Even so, he made no gains in Clinton's delegate lead, as each earned seven delegates as a result.
The Vermont senator was favored going into the caucuses. Wyoming is similar to other places he's won with big margins: rural, Western and overwhelmingly white. The victory is Sanders' eighth win out of the last nine contests -- including a contest that counted the votes of Democrats living abroad -- and a big morale booster heading into the crucial New York primary on April 19.
Sanders, speaking at a rally in Queens, New York, when the state's results were projected, announced the victory to his supporters after his wife, Jane, joined him on stage to say they had won.
"News bulletin: We just won Wyoming," Sanders said as the room exploded into cheers.
Sanders won 55.7% of the vote to Clinton's 44.3%, giving each candidate seven delegates. That helps Clinton maintain her pledged delegate lead over Sanders, 1,304 to 1,075.
A Clinton campaign aide said their "secret sauce" in Wyoming was the state's onerous vote-by-mail rules that required anyone voting by mail to have voted as a Democrat in the 2014 midterms.
"This is exactly the type of contest he needed to shut us out in," the aide said. "Not only did he not do that, he only netted two delegates, if that."
With 55% of remaining delegates in New York, Pennsylvania and California, one senior aide said "by the time we get to California, we will only need to meet threshold to win. He can win 85% and we're fine."
Sanders is banking on momentum to keep Clinton from officially clinching the nomination until the convention, when superdelegates will vote.
"If you look at the math, if you want to talk about math, the truth is is that it is very, very, very unlikely that either candidate, either Secretary Clinton or Sen. Sanders, will go into the convention with a majority needed of pledged delegates in order to win," Sanders campaign manager Jeff Weaver told CNN's Chris Cuomo on "New Day"
The Republican National Committee in a statement Saturday afternoon quickly noted Clinton's "embarrassing string of defeats," a sign, the RNC said, that Clinton will be beatable if she's the Democratic nominee.
Democrats turn out
Leaving nothing to chance, Sanders spent Tuesday night -- the evening he won Wisconsin's primary -- holding one of his signature large rallies in Laramie, a town of 30,000.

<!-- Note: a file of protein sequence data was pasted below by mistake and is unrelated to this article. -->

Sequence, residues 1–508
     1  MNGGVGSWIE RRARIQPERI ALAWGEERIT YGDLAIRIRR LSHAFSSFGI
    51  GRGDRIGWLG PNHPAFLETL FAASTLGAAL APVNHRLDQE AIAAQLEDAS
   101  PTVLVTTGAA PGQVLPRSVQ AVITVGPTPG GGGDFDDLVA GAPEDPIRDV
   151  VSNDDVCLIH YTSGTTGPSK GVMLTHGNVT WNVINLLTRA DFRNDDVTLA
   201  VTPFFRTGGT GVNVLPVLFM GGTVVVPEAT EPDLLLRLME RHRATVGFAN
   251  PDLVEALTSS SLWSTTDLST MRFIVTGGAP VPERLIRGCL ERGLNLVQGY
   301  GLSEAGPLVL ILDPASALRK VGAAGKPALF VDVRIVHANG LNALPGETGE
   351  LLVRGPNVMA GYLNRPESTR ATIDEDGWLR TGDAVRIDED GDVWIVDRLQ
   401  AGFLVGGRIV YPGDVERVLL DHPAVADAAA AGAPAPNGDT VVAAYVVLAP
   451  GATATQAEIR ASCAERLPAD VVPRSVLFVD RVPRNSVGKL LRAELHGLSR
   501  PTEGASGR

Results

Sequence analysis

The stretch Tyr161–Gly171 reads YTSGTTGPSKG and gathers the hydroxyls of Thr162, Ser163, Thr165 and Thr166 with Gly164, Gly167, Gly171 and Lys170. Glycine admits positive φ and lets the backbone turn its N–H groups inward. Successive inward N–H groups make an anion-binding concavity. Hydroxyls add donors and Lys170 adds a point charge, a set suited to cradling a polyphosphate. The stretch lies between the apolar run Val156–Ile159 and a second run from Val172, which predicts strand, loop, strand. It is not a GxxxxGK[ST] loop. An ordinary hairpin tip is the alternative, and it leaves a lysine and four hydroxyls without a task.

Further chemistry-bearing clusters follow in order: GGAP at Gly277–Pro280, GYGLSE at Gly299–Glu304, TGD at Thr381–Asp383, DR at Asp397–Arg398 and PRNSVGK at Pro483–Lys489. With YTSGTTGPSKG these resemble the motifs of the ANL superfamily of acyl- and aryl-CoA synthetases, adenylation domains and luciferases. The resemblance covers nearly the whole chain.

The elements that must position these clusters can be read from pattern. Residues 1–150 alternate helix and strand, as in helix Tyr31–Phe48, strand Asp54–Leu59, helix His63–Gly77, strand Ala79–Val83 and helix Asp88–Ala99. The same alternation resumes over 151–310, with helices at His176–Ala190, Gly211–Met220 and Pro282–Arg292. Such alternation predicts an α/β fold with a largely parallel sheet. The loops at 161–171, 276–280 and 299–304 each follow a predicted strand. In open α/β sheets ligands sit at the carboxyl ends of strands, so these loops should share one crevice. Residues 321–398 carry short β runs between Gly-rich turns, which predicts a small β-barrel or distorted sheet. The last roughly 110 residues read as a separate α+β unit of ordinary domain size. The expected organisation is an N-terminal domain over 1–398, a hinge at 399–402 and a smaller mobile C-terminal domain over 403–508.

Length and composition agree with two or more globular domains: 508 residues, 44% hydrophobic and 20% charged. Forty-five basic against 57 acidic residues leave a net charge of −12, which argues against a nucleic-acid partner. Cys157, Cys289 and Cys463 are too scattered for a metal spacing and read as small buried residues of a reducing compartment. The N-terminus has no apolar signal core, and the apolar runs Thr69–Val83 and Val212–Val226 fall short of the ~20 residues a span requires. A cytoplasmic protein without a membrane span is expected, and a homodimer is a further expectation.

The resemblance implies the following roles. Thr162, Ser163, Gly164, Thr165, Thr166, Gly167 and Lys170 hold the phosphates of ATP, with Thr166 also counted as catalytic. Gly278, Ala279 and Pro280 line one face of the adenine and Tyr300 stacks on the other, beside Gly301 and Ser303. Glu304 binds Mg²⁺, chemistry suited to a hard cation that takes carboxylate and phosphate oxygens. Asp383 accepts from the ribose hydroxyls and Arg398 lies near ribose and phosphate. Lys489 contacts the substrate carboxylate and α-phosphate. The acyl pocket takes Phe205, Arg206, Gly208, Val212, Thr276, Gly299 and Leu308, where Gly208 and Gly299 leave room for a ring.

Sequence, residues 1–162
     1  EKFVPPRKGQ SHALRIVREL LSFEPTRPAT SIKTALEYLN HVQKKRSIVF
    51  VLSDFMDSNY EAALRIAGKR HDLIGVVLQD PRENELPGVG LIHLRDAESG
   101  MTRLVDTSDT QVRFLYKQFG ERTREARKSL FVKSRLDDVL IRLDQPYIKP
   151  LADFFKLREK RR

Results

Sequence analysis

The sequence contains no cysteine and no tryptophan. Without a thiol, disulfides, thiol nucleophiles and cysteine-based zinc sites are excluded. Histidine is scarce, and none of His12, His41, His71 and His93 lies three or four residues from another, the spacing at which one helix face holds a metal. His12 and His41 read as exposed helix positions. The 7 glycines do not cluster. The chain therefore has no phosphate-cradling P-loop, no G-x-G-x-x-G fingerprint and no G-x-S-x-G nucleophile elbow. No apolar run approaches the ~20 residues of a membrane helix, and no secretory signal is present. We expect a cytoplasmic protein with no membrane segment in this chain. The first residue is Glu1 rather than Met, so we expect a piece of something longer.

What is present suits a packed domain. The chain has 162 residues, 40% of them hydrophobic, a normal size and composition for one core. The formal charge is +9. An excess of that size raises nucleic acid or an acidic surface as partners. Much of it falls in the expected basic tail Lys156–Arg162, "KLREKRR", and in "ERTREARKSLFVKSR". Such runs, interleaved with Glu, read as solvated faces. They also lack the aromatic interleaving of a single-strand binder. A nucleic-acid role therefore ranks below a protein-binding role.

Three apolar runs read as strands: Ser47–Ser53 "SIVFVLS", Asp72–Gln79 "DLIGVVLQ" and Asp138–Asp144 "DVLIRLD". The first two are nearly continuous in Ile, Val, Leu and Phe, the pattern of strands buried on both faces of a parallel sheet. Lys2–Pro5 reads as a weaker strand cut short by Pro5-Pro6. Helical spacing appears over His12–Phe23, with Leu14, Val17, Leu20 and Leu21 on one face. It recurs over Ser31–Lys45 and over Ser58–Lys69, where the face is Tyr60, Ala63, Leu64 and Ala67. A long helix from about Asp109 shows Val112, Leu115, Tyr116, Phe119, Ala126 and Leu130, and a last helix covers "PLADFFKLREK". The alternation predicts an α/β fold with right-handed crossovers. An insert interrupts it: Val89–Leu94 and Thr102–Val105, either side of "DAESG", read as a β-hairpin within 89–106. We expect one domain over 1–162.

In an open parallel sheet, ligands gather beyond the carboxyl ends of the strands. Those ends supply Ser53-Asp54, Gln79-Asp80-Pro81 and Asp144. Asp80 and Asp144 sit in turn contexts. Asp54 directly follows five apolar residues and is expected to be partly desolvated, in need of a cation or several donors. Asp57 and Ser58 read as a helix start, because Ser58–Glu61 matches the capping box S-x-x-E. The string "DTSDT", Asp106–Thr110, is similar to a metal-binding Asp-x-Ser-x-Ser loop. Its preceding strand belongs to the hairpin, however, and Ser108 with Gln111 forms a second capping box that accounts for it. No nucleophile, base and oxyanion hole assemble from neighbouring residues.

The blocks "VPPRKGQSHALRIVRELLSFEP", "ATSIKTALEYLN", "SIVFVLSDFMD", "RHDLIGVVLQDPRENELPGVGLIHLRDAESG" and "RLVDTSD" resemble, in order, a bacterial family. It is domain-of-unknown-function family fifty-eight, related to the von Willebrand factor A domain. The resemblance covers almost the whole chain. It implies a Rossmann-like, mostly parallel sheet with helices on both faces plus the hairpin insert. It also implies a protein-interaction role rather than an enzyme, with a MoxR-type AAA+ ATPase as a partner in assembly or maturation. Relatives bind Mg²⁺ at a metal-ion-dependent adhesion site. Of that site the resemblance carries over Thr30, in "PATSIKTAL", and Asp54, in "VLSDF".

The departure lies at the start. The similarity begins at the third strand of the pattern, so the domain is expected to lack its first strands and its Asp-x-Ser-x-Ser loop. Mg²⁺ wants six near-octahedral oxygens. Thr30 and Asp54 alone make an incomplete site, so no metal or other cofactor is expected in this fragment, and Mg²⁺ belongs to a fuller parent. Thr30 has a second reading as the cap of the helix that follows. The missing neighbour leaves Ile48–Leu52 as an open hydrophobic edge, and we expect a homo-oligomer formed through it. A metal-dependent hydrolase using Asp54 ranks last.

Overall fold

It could be all the attention Wyoming gets in the presidential contest. The rural, sparsely-populated state that's home to former Vice President Dick Cheney is solidly Republican
, so Democrats don't spend time trying to win it in the general election.
Saturday morning, Wyoming Democrats jammed into Cheyenne Central High School to caucus.
"We're expecting a record turnout throughout the state. There's a lot of excitement," said Aimee Van Cleave, executive director of the state Democratic Party. "It's wonderful today. Everyone will be allowed to vote. They're not being stopped by an early spring blizzard."
One group of enthusiastic Sanders partisans broke into a Bernie Sanders song to the tune of "Yankee Doodle Dandy."
"Elections in America are brought by corporations / Bernie is the only one who uses small donations," they sang, to the accompaniment of an acoustic guitar.
Republicans, meanwhile, are in neighboring Colorado
for a party convention where every delegate matters on the road to Cleveland's GOP convention and Donald Trump is trying to clinch the 1,237 delegates needed to win the nomination.
Keeping pace with Clinton
The Wyoming win could also help Sanders' impressive fundraising operation.
He has outraised Clinton, $109 million to $75 million, over the last three months, and wins along the way help him prime the small-dollar donor pump for the cash he'll need to compete in expensive, densely-populated East Coast media markets both in New York and the following week in Pennsylvania, Maryland, Connecticut, Delaware and Rhode Island.
The Democratic race has taken a sharply bitter turn in New York, where Sanders accused Clinton of "hustling money from the wealthy and powerful" on Thursday, and Clinton instructing Sanders: "Don't make promises you can't keep."
Sanders raised the stakes on Wednesday night, launching into a tirade on why Clinton is "not qualified" for the presidency by citing her positions on trade and her coziness with Wall Street interests.
"I'm not going to get beaten up. I'm not going to get lied about. We will fight back, but I do hope that we can raise the level and I do hope that the media will talk about real issues," he said Thursday in Philadelphia.
Clinton responded with a desire for unity -- to a point. She said that eventually, "we're going to have to unify Democrats," pointing to her own support for then-Sen. Barack Obama in 2008 after a hard-fought Democratic nominating contest.
Still, Clinton said she's going to "keep drawing contrasts" with Sanders.
"Because that's what elections are about," she said. "But I think it is important to tell people about what you're going to do for them, and how you can get it done -- how you can produce results that will make a positive difference in people's lives."